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Chavez returns to Cuba for cancer treatment

Venezuela's President Hugo Chavez shows a copy of a new labor law he just signed during a T.V. broadcast in Caracas, Venezuela, April 30. 2012.
AP Photo/Miraflores Presidential Office

(CBS/AP) CARACAS, Venezuela - Venezuelan President Hugo Chavez announced that he was returning to Cuba for the "home stretch" of his cancer treatment.

Chavez left for Havana on Monday night but said he would be back in a matter of days, and hoped that within weeks he would be able to be out "traveling around the beloved streets of my homeland, the beloved countryside of Venezuela."

The president has been undergoing treatment since a surgery in Cuba last June that removed a tumor from his pelvic region. He has been receiving radiation therapy after a second surgery that removed a tumor from the same area in February.

"They aren't easy days, but we're a warrior for facing adversity, and with faith in God and Christ the Redeemer, and with that immense love of the Venezuelan people and with this will to live, to fight ... we'll get through this," Chavez said.

Chavez raised the issue during a speech at the presidential palace and signed a new labor law that among various changes shortens the official work week in Venezuela from 44 to 40 hours.

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Chavez also said that his government should pull out of the Organization of American States' human rights body, accusing it of acting in concert with the U.S. government.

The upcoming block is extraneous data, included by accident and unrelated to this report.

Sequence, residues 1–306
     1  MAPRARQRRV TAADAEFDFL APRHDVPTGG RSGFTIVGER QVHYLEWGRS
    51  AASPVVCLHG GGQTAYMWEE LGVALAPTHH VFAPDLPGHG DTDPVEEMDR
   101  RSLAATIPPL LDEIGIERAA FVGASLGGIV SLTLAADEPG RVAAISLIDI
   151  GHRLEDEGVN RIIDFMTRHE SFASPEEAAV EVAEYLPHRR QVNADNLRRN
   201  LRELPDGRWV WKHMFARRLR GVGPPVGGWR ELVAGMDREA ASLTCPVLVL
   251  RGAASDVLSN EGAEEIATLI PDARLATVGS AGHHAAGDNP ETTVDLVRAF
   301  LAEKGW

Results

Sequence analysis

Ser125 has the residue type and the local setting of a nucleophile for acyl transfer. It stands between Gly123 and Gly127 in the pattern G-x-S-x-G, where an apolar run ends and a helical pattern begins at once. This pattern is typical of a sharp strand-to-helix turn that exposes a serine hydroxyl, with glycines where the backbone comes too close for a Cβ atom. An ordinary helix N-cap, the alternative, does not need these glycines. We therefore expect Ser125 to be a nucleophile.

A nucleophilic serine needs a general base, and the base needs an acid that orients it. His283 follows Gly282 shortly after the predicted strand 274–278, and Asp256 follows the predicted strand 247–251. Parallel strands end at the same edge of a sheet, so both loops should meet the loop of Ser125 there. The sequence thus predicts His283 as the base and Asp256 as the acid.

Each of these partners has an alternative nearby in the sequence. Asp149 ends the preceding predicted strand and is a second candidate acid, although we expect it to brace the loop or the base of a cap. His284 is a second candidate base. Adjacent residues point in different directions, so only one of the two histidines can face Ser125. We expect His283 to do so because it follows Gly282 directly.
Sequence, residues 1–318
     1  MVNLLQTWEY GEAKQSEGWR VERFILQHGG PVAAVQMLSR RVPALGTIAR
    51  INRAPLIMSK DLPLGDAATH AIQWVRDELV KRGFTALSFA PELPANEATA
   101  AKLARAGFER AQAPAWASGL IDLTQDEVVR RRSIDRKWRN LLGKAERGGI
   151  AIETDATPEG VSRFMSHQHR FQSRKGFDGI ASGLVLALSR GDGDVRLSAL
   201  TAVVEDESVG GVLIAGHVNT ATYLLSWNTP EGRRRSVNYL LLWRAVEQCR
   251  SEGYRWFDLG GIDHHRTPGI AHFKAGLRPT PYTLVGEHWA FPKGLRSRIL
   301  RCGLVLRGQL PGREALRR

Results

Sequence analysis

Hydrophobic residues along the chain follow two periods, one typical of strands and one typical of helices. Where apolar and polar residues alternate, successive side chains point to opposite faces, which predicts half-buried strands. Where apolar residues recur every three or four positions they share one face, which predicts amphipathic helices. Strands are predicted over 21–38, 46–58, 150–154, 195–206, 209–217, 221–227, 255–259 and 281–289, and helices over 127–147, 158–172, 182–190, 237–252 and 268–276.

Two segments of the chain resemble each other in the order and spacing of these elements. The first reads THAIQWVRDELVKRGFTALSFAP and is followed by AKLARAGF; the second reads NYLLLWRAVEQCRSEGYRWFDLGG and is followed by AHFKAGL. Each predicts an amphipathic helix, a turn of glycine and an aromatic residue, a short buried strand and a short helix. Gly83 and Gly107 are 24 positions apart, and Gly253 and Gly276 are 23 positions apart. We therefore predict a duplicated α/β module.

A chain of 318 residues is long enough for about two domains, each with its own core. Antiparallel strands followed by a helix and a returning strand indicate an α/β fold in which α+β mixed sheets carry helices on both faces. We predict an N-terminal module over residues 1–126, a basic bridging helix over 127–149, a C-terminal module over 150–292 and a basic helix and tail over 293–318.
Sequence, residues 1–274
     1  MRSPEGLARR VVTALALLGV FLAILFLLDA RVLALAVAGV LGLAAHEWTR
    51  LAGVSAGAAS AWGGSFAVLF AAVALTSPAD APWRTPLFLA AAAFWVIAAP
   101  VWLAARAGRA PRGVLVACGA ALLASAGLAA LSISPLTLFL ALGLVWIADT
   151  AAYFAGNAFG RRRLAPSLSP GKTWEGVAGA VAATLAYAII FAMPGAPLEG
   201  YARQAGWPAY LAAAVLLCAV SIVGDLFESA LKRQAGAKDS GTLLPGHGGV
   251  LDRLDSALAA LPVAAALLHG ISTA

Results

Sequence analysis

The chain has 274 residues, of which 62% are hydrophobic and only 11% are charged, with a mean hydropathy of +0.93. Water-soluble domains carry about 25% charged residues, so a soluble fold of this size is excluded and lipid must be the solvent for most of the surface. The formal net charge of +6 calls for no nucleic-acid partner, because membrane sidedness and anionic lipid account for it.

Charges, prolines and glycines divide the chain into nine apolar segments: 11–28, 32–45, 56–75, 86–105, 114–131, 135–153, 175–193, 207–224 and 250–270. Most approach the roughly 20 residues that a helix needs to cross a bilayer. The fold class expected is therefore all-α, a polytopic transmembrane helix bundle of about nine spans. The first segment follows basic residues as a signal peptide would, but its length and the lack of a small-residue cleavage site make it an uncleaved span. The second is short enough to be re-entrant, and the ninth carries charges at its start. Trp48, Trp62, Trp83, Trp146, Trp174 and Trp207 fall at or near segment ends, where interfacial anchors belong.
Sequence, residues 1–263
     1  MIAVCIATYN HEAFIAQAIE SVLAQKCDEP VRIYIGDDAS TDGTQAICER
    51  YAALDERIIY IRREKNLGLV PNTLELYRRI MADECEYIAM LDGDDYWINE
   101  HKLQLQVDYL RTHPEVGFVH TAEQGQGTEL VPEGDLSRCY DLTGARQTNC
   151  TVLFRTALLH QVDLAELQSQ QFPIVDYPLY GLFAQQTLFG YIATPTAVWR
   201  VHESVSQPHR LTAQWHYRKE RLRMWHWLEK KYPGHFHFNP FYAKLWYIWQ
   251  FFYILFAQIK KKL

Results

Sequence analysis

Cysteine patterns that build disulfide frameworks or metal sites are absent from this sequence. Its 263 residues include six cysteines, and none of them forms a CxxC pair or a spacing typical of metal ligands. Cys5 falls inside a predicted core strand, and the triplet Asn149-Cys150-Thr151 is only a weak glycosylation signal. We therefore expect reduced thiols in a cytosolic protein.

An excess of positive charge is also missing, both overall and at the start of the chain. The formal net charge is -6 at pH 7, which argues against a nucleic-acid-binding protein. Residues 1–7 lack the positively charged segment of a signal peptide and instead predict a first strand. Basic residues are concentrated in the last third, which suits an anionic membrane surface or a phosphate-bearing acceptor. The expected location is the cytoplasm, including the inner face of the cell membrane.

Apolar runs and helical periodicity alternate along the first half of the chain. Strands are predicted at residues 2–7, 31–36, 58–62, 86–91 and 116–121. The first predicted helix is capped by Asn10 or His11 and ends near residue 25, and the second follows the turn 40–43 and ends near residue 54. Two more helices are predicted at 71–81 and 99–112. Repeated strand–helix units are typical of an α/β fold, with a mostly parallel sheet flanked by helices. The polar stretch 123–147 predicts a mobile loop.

Chavez said in a televised speech that he's asking a newly created Council of State to take up his proposal to immediately withdraw from the Inter-American Commission on Human Rights. The Washington-based commission has repeatedly been critical of the human rights situation in Venezuela.

"We should have pulled out of that commission" already, the president said. He had previously expressed an interest in withdrawing from the rights commission in 2010.

He called the rights body a "sword of Damocles" and accused the U.S. government of using it to attack his socialist-oriented government.

His remarks drew criticism from human rights activists as well as his political opponents.

Opposition presidential candidate Henrique Capriles called the idea of withdrawing from the rights body irresponsible.

Human rights activist Liliana Ortega, who leads the organization Cofavic, said it would be a major setback for Venezuela to pull out of the commission.

"With this decision, no one wins. The government loses a lot obviously. A decision like this reaffirms that there is a situation of indifference and complete inattention to human rights," Ortega said.